Table of Contents | Message Board | Downloadable/Printable Version
CHAPTER SUMMARIES WITH NOTES
CHAPTERS 35 & 36
After dinner, the women go to the drawing room, where Mrs. Elton avoids Emma and takes Jane aside to inquire about her chances of getting a job as a governess. Jane tells Mrs. Elton that she has not yet attempted to find one. The bold Mrs. Elton tells Jane that with her brother-in-law Suckling's recommendation, she can find a good situation with a rich family, especially with her musical talent. Jane states that she is in no hurry, for she wants to visit with the Campbells after their return from Ireland.
Mr. Woodhouse is the first of the men to come to the drawing room and Mrs. Elton comments on his gallantry. Mr. Weston then enters in a happy mood and gives his wife a letter from Frank; he has come straight from London. While Emma and Mrs. Weston read the letter, Mr. Weston informs the others that his son and the Churchills will be in London for a month, and he will visit them frequently. Mrs. Weston is happy to think about Frank's visits to Randalls, but Emma cannot decide whether the news makes her happy.
Mr. Weston tells Augusta that he opened Frank's letter even though it was addressed to Mrs. Weston. His reading of his wife's letter is not a serious offense since it is just information about Mrs. Churchill's recovery from her illness and their plan to stay in London for a month. Mrs. Elton suggests that it would be better for her health if Mrs. Churchill were to visit Bath or Clifton. Mr. Weston then turns the conversation to Frank, who is planning another visit in May. Their conversation ends when tea is served.
After tea, the Westons and Mr. Elton play cards with Mr. Woodhouse. John Knightley tells Emma that she must send his sons back to London if they stand in the way of her social engagements. Before Emma replies, George Knightley tells him that the boys can be sent to Donwell Abbey. As their uncle, he will watch them. Emma is hurt by Knightley's suggestion, for she realizes that he knows there is no social life for her in Highbury. She is seldom away from Hartfield for as much as two hours. Emma also knows she certainly has more time to care for the boys than George Knightley does.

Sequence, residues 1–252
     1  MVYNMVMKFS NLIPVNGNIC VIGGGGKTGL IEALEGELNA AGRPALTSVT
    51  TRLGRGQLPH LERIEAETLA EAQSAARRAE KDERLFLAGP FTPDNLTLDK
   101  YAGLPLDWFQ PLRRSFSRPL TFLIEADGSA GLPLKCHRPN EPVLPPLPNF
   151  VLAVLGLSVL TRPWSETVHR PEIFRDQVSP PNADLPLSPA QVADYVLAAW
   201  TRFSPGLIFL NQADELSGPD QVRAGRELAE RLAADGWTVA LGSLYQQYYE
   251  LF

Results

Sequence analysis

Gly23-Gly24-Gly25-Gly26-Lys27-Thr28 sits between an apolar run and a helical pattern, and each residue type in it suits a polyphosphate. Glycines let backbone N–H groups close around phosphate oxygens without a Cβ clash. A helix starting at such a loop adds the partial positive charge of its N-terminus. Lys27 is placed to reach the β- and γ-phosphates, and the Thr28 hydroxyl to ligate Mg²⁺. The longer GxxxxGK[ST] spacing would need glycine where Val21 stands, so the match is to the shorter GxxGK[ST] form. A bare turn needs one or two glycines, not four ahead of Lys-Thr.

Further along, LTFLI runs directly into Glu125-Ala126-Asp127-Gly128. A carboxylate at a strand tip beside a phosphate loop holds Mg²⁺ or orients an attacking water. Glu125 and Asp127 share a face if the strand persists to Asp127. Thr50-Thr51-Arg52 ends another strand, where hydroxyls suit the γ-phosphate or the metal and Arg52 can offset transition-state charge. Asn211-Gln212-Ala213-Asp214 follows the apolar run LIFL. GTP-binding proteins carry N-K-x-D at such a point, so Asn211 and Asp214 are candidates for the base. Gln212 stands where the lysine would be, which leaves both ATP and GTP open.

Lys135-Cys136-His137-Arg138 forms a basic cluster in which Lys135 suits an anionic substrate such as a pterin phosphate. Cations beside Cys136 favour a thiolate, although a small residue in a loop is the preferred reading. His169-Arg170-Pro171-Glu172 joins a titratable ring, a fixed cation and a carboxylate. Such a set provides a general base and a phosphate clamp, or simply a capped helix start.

Mrs. Elton again shows her lack of class when she refers to her husband in public as caro sposo and when she insists on helping Jane find a suitable job as a governess. Her meddling in the affairs of others is similar to Emma's meddling in Harriet's affairs. Unlike Harriet, however, Jane puts Mrs. Elton in her place, saying she is not interested in a job for several months and indicating she can find her own employment. Of course, Jane is a much more intelligent, mature, and polished young lady than Harriet. She knows very well what she wants and is confident of herself.
The fact that Mr. Weston comes straight to the party when he arrives from London shows the importance of social affairs among the upper class. He brings the good news that Frank will be spending a month in London with the Churchills and will again come for a visit with him and Mrs. Weston in May. It is obvious that he is delighted about the visit and very proud of his son. Being polite, Mr. Weston takes up a conversation with Augusta Elton, but is impatient with her rambling and arrogance. She quickly exposes herself to him for what she really is--a woman full of pretensions, who wants to be regarded as intelligent and well read.
Any mention of Frank is filled with dramatic irony. Frank is secretly involved with Jane, but pretends to be attracted to Emma. Emma, however, is not certain about her feelings for Frank and now imagines he will become romantically involved with Harriet. Emma's inability to judge her own response to Frank's second visit to Highbury shows that she is unable to read her own feelings.
In this chapter, Knightley again shows himself as a keen observer of Emma's feelings. Even though she did not listen, he had earlier told Emma that Elton was in love with her. Now he suggests that she is taking more than casual (or desirable) interest in what happens at Randalls. He obviously realizes that Emma has some attachment to Frank.
The news of Frank's upcoming visit to Highbury disturbs Emma. She cannot decide if Frank's feelings towards her will be as warm as they were during his earlier visit. Emma, however, is certain that she will prevent him from proposing to her. Before the Churchills move to London, Frank comes to Randalls for a few hours. Even during that short visit, he comes to Hartfield; but Emma feels that Frank is not as much in love with her as he was during his first visit, for he seems a bit confused although his spirits are high.
Frank returns to London and soon writes to his father that Mrs. Churchill is really ill. In order for her to receive proper medical treatment, the Churchills plan to move from London to Richmond, which is not far from Highbury. Frank says that he plans visit Highbury frequently, since Richmond is only an hour away. Mr. Weston feels that Frank's visit is motivated by his interest in Emma. To spur that interest, the Westons prepare for a ball at the Crown Inn.
Even though Frank treats her with indifference during his visit, Emma, still filled with self-delusion, believes he really loves her. She thinks that Frank is faced with a struggle in his mind between his heart and his head. Emma decides she must not encourage him in any way, for she will not be able to accept his proposal for marriage. Emma is not the only one who thinks Frank has an interest in her. The Westons believe that Frank is eager to visit Randalls because of his attraction to Emma; they plan to encourage his interest by planning a ball that he can attend.